‘Beckett’ Is A Unique Political Thriller, But Struggles With Tepid Plot Progression – Review
John David Washington is back again, and this time starring in the political thriller Beckett. Washington has steadily been making a name for himself, since his run in 2015’s Ballers. From comedy, science fiction, and action, Washington’s diversified portfolio proves that he can work with Hollywood’s boldest and brightest.
As for the film, it shies away from its contemporaries’ grandiose plot design and intricate web of relationships and adopts a simple and more contained feel as the main character navigates being at the wrong place at the wrong time. Although there’s solid acting from Washington and Vikander and beautiful shot direction, many characters feel underdeveloped amidst a drawn-out and, oftentimes, confusing plot.
Beckett takes audiences through a bird’s eye view of the titular character’s attempt to avoid death, while on vacation in Greece with his girlfriend, April (Alicia Vikander), after experiencing a tragic accident. Washington navigates Greece’s geographically-rich landscape as he becomes the target of the police force, for reasons unknown. But soon enough he unravels the greater plot behind the assassination attempts on his life.
Produced by Luca Guadagnino, of Call Me By Your Name fame, and directed by Ferdinando Cito Filomarino, Beckett exits the 74th Locarno Film Festival to become a part of Netflix’s pantheon of political thrillers. Alongside Washington and Vikander, Boyd Holbrook, Vicky Krieps, and Panos Koronis round out the cast.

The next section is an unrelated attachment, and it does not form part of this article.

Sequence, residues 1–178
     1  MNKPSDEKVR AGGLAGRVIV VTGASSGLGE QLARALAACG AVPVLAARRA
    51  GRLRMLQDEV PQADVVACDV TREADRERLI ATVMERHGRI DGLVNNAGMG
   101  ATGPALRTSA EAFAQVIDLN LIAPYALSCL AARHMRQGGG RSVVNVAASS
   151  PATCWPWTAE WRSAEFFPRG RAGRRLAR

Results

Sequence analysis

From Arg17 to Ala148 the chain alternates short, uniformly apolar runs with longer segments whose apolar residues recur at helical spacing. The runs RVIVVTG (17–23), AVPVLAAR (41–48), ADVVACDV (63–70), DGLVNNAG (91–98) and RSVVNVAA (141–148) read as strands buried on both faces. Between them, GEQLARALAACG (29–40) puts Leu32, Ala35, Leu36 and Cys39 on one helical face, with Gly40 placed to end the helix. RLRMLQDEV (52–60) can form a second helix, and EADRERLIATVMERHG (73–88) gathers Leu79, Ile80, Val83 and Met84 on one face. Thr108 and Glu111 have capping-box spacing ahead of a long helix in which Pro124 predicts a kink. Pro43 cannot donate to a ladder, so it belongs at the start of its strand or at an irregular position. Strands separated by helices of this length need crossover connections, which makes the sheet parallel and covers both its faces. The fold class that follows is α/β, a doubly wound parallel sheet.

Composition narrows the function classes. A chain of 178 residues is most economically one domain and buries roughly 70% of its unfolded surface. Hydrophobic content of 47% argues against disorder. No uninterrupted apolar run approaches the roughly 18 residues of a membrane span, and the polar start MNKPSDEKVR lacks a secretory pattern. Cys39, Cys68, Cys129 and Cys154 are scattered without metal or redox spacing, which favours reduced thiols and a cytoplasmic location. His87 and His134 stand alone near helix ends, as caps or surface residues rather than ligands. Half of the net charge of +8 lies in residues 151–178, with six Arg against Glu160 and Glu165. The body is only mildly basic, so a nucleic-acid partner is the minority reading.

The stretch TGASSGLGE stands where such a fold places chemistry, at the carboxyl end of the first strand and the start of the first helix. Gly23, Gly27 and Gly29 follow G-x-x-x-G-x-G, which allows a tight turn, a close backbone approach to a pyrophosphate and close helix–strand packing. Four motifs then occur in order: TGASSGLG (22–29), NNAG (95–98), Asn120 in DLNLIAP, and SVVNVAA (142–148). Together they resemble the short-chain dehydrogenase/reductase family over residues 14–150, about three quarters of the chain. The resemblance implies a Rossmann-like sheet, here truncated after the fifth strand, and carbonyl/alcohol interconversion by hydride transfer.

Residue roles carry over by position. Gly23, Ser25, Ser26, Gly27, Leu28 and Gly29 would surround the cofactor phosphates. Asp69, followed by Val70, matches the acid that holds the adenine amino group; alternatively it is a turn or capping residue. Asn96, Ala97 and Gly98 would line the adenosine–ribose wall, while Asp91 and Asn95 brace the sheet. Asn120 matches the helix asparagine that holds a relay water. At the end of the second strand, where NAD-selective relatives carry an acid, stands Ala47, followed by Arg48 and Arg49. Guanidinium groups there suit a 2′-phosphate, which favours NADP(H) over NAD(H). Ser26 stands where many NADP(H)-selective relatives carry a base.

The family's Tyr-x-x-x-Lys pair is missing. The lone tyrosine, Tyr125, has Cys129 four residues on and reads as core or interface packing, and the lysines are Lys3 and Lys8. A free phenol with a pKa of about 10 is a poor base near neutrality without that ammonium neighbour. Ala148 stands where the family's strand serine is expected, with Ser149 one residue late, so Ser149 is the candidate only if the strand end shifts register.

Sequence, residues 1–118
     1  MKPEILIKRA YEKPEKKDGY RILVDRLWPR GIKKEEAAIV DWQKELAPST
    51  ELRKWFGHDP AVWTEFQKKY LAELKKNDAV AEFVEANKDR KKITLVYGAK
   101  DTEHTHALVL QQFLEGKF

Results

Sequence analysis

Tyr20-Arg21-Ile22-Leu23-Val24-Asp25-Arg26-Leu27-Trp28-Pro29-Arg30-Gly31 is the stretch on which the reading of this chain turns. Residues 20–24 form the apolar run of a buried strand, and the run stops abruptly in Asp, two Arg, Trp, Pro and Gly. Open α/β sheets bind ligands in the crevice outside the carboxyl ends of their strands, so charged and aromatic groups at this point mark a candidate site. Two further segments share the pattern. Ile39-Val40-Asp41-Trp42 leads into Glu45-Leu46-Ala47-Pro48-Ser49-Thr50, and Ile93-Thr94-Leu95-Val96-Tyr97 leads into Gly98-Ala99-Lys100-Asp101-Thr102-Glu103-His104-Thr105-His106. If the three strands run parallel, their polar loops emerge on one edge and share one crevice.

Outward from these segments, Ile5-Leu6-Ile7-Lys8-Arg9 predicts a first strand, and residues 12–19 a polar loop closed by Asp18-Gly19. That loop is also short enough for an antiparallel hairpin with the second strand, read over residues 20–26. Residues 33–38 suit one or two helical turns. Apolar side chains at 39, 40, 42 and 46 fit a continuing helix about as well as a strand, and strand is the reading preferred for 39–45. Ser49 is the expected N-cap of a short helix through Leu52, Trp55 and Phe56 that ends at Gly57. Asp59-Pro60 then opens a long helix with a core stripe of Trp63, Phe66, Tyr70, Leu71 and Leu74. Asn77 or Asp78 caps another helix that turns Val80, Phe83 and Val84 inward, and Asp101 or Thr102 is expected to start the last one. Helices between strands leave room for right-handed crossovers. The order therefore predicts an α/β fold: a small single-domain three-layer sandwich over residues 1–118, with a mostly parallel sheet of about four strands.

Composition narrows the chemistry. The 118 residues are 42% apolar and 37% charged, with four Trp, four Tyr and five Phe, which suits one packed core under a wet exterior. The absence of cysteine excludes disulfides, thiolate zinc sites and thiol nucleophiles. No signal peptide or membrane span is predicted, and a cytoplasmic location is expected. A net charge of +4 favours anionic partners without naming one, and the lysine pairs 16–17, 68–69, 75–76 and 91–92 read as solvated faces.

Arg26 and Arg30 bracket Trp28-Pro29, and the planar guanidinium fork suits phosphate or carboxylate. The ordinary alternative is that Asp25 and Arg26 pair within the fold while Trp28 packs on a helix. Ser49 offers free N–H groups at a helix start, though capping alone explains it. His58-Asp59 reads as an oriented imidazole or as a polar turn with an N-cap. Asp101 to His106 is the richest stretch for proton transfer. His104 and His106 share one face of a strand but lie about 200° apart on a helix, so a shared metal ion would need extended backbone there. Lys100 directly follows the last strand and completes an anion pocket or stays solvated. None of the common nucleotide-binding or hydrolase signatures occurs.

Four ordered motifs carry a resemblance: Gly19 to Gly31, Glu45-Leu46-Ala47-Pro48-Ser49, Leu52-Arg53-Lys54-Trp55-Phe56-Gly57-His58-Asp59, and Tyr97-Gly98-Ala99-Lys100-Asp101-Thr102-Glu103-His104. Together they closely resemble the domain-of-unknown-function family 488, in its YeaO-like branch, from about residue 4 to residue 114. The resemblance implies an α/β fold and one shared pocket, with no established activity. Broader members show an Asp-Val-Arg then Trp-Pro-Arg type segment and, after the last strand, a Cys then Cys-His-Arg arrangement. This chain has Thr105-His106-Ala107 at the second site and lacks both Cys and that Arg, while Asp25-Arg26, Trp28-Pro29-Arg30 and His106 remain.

What is intriguing about the titular character, which sets it apart from other political thrillers, is that Beckett doesn’t have any advanced access, increased intelligence, or even a political background. In the words of Cardi B, he’s just a “regular, degular, shmegular” guy. Which is refreshing, to say the least. It adds to Washington’s natural likability that radiates in each character he plays.
Making characters “fish out of water” within the plot is not uncommon for movies of this nature, but what this movie strives to do is take fantasy and make it feel like reality. As Beckett maneuvers through Greece, there’s this bit of intimacy that Washington and the camera have. Even within the grandest scenes, he seems to always be a connection to it.
These small moments of intimacy are juxtaposed with vast and sometimes distracting settings that the characters are placed in. Cito Filomarino’s English language feature debut creates beauty in still, long shots in the outdoors and cityscapes of Greece. The style of filming, paired with an unlikely hero, stands out from the pack of high-octane political thrillers.
At times, this is a plus, adding a bit of delicateness to a movie of this nature. But in other moments, it could use more energy, as the movie begins to feel drawn out. Even the trailer makes the movie seem more high-octane than it actually is. Additionally, due to the drawn-out nature of the plot, the points that lead to the overall twist feel confusing and frustrating. And with the tepid progression of the story, the climax of the film feels underwhelming.
Beckett’s setting is calm and soothing, which leads to a dreaminess in the film that encapsulates the audience, but does not aid in keeping the movie at a steady pace. With that loss of pace, comes a loss of focus on the development of different plot points, that even the acting talents of the cast can’t seem to reel in.
What’s also lost is the development of the film’s characters, with the most character development coming from Tynan (Holbrook). Even as the film progresses, it feels like you never understand who Beckett truly is. The film strives to make a relatable action protagonist, but as the plot progresses, who the protagonist is seems less important and what the protagonist can do and escape from starts to feel more far-fetched.
Creating an “everyday kind of hero” was an interesting touch, but wasn’t enough to bring energy and focus to this film. In all, Washington does a solid job of being a “normal” man on the run, but where Washington goes, the film does not follow.